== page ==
Štěpánek Netolický House situated in the historic centre of Třeboň is an extraordinary example of well-preserved Renaissance architecture, both in the town and the whole area. It has gone through many transformations within centuries, gaining its current Renaissance appearance in the first half of 16th century, in the time of economic expansion, when its best-known owner – Štěpánek Netolický – lived here.

In 2015 Štěpánek Netolický House underwent a large reconstruction. At present it houses the Centre of Třeboň Fishpond Building Heritage with a permanent interactive exhibition devoted to fishpond building and above all to the life and work of Štěpánek Netolický. The House also provides unique gallery premises. Various cultural events, including lectures and workshops, take place here.


Štěpánek Netolický

The famous builder and fishpond builder got the house in 1522 by marriage with Dorota Lukšová, a widow of the Třeboň scrivener. He was one of the two major personalities who significantly shaped the typical Třeboň landscape by their great fishpond building work.

Štěpánek was born to a servant family in the South Bohemian village of Netolice, presumably around 1460.  Not much is known about his youth and education, however, what is known is that at the end of 15th century he became one of the founding fathers of fishpond building. At that time he worked in the services of the ruling Rosenberg family and had successfully finished his first few fishponds. No wonder that he very soon became a fishpond master, the so called “fišmistr”, and was in charge of building new fishponds as well as fish farming.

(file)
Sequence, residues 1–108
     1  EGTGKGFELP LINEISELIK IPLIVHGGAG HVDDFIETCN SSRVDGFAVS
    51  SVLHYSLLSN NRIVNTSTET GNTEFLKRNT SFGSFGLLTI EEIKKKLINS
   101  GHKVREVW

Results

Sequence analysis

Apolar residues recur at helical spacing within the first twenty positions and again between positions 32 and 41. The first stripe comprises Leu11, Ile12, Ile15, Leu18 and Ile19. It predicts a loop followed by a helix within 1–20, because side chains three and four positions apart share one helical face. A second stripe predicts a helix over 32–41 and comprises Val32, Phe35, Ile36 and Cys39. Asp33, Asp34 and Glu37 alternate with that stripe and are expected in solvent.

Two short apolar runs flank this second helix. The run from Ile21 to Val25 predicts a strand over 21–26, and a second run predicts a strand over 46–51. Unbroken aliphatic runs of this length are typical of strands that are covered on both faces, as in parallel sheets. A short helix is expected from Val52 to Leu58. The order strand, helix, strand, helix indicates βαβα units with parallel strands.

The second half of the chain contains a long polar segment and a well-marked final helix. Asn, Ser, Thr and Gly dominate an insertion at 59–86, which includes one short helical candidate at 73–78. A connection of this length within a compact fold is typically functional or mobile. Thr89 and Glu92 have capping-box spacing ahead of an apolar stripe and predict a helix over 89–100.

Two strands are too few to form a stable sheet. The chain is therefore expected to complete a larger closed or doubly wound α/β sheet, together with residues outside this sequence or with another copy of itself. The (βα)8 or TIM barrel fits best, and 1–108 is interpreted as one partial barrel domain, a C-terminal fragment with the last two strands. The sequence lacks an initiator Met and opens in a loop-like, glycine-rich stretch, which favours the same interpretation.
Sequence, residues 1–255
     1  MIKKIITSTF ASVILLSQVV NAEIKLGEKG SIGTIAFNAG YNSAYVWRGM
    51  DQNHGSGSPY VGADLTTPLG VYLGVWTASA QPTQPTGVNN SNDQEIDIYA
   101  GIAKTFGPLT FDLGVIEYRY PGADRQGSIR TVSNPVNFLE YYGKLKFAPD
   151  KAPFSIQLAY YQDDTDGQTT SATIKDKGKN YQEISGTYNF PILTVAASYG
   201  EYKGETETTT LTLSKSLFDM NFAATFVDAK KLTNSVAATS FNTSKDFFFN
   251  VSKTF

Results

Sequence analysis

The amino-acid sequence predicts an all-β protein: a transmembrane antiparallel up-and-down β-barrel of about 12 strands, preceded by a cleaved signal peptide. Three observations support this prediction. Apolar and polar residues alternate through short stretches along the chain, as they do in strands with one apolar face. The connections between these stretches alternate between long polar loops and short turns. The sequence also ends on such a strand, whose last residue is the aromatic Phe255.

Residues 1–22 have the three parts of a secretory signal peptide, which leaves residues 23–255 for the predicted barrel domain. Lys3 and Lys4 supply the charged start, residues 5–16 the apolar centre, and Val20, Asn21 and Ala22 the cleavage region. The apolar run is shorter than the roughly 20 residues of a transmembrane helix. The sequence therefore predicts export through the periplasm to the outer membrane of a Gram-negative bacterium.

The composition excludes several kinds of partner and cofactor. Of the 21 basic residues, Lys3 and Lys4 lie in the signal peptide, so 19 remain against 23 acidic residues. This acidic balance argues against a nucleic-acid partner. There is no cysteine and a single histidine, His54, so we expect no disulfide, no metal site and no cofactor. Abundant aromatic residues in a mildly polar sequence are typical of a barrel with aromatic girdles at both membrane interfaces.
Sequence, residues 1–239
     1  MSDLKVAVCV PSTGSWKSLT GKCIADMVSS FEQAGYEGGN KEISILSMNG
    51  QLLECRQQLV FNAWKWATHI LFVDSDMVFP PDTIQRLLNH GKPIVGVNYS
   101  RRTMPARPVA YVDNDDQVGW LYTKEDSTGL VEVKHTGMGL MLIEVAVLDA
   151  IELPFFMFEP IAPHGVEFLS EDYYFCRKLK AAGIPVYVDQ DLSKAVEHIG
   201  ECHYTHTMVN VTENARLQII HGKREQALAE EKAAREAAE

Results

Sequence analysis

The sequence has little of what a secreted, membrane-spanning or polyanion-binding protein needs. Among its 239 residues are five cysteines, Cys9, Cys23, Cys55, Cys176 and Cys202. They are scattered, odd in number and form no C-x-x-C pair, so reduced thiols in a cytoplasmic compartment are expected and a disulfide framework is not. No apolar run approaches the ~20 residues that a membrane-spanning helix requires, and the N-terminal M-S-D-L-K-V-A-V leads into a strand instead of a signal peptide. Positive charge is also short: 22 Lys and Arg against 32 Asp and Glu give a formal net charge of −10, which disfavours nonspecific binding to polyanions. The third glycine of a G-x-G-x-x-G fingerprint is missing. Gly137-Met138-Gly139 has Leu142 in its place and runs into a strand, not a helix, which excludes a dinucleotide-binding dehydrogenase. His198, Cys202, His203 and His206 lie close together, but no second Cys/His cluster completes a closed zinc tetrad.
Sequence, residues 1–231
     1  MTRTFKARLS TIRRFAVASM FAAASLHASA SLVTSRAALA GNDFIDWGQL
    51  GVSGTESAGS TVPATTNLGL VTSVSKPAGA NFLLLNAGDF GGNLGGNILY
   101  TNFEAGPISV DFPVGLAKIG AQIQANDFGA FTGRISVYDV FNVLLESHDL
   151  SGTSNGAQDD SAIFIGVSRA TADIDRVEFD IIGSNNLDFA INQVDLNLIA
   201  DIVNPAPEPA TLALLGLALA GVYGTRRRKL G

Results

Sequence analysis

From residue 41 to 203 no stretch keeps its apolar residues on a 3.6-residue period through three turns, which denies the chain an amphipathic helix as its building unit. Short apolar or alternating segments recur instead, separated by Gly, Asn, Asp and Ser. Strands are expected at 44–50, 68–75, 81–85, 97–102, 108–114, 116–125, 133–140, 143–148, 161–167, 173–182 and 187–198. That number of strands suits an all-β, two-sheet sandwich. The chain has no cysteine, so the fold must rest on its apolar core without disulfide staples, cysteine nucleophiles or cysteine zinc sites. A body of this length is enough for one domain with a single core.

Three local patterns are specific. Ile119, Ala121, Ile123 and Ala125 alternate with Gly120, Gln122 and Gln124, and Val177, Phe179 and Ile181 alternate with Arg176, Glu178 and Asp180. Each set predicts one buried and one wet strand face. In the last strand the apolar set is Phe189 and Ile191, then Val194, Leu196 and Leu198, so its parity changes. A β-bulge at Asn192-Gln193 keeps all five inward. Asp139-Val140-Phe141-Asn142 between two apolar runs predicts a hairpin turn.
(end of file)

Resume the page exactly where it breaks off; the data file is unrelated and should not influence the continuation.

The Ingenious Golden Canal

During his life Štěpánek built seven larger and more than forty smaller fishponds. However, his best-known work still remains the Golden Canal which he started building at the beginning of 16th century. This more than 45-kilometre long “strúha“, i.e. “gutter”, (as it was originally called), connects the fishponds of the Třeboň system providing them with fresh water. The Canal proves his masterful skills, since its average slope is only 33 centimetres per 1 kilometre of length and in some parts it is even less than 10 centimetres per kilometre – therefore it may often seem that water is running backwards.

New Interactive Exhibicion

The name of Jakub Krčín is widely known, but did you know that it was Štěpánek Netolický who ingeniously started to shape the Třeboň fishpond landscape only to be followed by the famous Rosenberg regent? In our permanent exhibition you can get to know Štěpánek Netolický and his work in an interesting way. As well as learning how Třeboň fishponds were made, you can also watch a short film about the Golden Canal or try working with survey tools once used at fishpond constructions. In the small courtyard with the model of the Golden Canal you can become a water manager for a while and with the help of little sluice gates try to bring water to individual fishponds.